DEVILS LAKE-While Molly Nienhuis was working with Parkinson's Disease patients at the local YMCA, she told a coworker she had learned from a program that was certified by the Commission on Accreditation of Allied Health Education Programs.

"She said, 'Oh, then you're the best of the best!'" Nienhuis said.

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She's going into UND's School of Medicine and Health Sciences for physical therapy now, but Nienhuis has already taken many of the personal training courses at Lake Region State College. The school continues to be the only two-year school in the nation that offers a solely online personal trainer program accredited by the CAAHEP.

The program opened in 2011 with only three students and was accredited by May 2012. It can be taken completely online or partially on campus, depending on what's convenient for a student.

Now with many successful graduates, program coordinator Tammy Riggin is excited for the future and wants to push for an emphasis on the psychology of motivation and group fitness training.

"Before, personal training used to just be in a gym, but that's changing as well," she said. "A person can work as a trainer in a corporation or be an online wellness coach or work in the medical field."

Riggin said technology allows the program to be offered entirely online easily. For example, students learning about skinfold measurements can show what they've learned using photos and video.

Riggin also has students shoot video showing how they would inform clients about their body fat percentage they obtained through the skinfold measurement.

"It's not just how to do it right and find the numbers, it's about how you communicate with the client," she said.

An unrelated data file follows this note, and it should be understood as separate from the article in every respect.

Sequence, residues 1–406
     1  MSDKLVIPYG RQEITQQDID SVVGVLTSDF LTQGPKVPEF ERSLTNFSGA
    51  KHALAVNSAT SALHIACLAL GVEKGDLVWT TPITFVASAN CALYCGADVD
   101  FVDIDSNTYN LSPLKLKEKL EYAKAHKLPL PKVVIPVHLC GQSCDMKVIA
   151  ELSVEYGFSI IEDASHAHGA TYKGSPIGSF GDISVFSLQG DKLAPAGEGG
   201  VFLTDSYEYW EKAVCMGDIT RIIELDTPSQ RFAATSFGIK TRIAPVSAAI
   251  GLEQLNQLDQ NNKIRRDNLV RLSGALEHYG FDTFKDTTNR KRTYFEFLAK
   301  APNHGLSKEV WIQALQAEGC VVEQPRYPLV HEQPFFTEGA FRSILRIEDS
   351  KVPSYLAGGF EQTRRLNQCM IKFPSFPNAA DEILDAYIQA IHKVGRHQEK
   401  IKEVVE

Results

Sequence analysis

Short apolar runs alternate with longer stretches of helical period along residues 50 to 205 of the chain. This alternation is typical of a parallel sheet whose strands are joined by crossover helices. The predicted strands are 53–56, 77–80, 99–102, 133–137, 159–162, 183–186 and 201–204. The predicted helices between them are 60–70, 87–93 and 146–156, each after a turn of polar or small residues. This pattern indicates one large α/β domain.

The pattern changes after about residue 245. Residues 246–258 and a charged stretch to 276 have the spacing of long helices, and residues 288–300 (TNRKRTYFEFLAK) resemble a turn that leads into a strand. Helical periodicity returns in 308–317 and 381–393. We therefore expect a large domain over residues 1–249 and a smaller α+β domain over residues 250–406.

Haley Hoffner got involved in the personal trainer program at LRSC just because she had always been active and went to the gym regularly.

"But going through the program, it made me realize that this is what I want to do and seeing people improve and change and become happier about themselves, it's definitely worth it," she said.

Hoffner is currently continuing her education in Mankato, Minn., but previously worked at Mercy Therapy and Fitness in Devils Lake using what she learned through the classes she took on campus and online.

"Online (classes) definitely require a little more motivation, but it's also convenient to people who are say, single parents, or busy in general and they're just looking to further their education," she said.

Director for the Center for Distance Education and Outreach Dan Driessen was the administrator involved in getting the program offered online. He said the "dynamic" program is particularly strong because it incorporates nutrition education and the CAAHEP officials who made the accreditation site visit were impressed.

"We did this right and we're really, really proud of this program," Driessen said.